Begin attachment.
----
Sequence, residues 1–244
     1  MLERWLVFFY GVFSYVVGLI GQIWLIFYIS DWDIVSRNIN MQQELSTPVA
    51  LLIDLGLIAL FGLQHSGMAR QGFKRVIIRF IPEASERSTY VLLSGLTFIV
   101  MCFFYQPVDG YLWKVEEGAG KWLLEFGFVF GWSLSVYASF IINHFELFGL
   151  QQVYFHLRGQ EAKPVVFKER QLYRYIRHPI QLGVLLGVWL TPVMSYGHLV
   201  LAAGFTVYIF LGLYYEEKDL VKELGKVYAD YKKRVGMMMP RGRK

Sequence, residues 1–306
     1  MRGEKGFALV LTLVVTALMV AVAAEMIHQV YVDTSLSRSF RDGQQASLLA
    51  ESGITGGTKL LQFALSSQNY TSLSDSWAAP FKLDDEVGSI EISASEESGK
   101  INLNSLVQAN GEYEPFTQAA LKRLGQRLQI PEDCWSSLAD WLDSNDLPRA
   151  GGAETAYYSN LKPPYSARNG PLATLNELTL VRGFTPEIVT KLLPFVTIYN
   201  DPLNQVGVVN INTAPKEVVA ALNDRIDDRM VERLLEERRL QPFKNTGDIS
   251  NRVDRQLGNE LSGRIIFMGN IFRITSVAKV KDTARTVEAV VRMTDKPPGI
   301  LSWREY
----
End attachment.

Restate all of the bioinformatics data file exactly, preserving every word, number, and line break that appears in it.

Sequence, residues 1–244
     1  MLERWLVFFY GVFSYVVGLI GQIWLIFYIS DWDIVSRNIN MQQELSTPVA
    51  LLIDLGLIAL FGLQHSGMAR QGFKRVIIRF IPEASERSTY VLLSGLTFIV
   101  MCFFYQPVDG YLWKVEEGAG KWLLEFGFVF GWSLSVYASF IINHFELFGL
   151  QQVYFHLRGQ EAKPVVFKER QLYRYIRHPI QLGVLLGVWL TPVMSYGHLV
   201  LAAGFTVYIF LGLYYEEKDL VKELGKVYAD YKKRVGMMMP RGRK

Sequence, residues 1–306
     1  MRGEKGFALV LTLVVTALMV AVAAEMIHQV YVDTSLSRSF RDGQQASLLA
    51  ESGITGGTKL LQFALSSQNY TSLSDSWAAP FKLDDEVGSI EISASEESGK
   101  INLNSLVQAN GEYEPFTQAA LKRLGQRLQI PEDCWSSLAD WLDSNDLPRA
   151  GGAETAYYSN LKPPYSARNG PLATLNELTL VRGFTPEIVT KLLPFVTIYN
   201  DPLNQVGVVN INTAPKEVVA ALNDRIDDRM VERLLEERRL QPFKNTGDIS
   251  NRVDRQLGNE LSGRIIFMGN IFRITSVAKV KDTARTVEAV VRMTDKPPGI
   301  LSWREY